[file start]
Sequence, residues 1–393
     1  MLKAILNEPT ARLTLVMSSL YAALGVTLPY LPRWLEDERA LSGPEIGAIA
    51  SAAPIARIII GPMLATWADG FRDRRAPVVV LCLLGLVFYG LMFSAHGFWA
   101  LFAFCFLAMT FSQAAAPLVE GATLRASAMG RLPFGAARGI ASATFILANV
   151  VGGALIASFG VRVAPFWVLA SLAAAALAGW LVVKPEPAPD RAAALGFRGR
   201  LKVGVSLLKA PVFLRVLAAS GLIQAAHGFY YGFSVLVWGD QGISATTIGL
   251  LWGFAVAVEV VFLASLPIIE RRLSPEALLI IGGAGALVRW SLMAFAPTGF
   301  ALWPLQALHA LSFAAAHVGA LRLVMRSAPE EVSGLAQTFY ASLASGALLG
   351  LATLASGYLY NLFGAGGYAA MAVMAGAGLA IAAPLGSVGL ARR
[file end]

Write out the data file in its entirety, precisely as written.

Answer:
Sequence, residues 1–393
     1  MLKAILNEPT ARLTLVMSSL YAALGVTLPY LPRWLEDERA LSGPEIGAIA
    51  SAAPIARIII GPMLATWADG FRDRRAPVVV LCLLGLVFYG LMFSAHGFWA
   101  LFAFCFLAMT FSQAAAPLVE GATLRASAMG RLPFGAARGI ASATFILANV
   151  VGGALIASFG VRVAPFWVLA SLAAAALAGW LVVKPEPAPD RAAALGFRGR
   201  LKVGVSLLKA PVFLRVLAAS GLIQAAHGFY YGFSVLVWGD QGISATTIGL
   251  LWGFAVAVEV VFLASLPIIE RRLSPEALLI IGGAGALVRW SLMAFAPTGF
   301  ALWPLQALHA LSFAAAHVGA LRLVMRSAPE EVSGLAQTFY ASLASGALLG
   351  LATLASGYLY NLFGAGGYAA MAVMAGAGLA IAAPLGSVGL ARR